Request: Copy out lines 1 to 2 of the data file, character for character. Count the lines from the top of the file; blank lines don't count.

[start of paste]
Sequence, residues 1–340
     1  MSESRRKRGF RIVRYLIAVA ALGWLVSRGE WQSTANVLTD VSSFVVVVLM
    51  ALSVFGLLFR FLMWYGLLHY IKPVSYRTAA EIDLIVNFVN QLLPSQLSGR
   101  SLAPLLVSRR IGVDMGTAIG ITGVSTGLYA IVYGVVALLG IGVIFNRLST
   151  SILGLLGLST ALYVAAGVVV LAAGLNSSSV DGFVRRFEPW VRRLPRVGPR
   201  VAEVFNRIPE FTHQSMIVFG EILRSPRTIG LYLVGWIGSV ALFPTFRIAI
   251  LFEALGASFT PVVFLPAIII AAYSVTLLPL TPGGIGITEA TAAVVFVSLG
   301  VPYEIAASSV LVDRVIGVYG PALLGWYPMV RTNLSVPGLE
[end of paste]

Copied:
Sequence, residues 1–340
     1  MSESRRKRGF RIVRYLIAVA ALGWLVSRGE WQSTANVLTD VSSFVVVVLM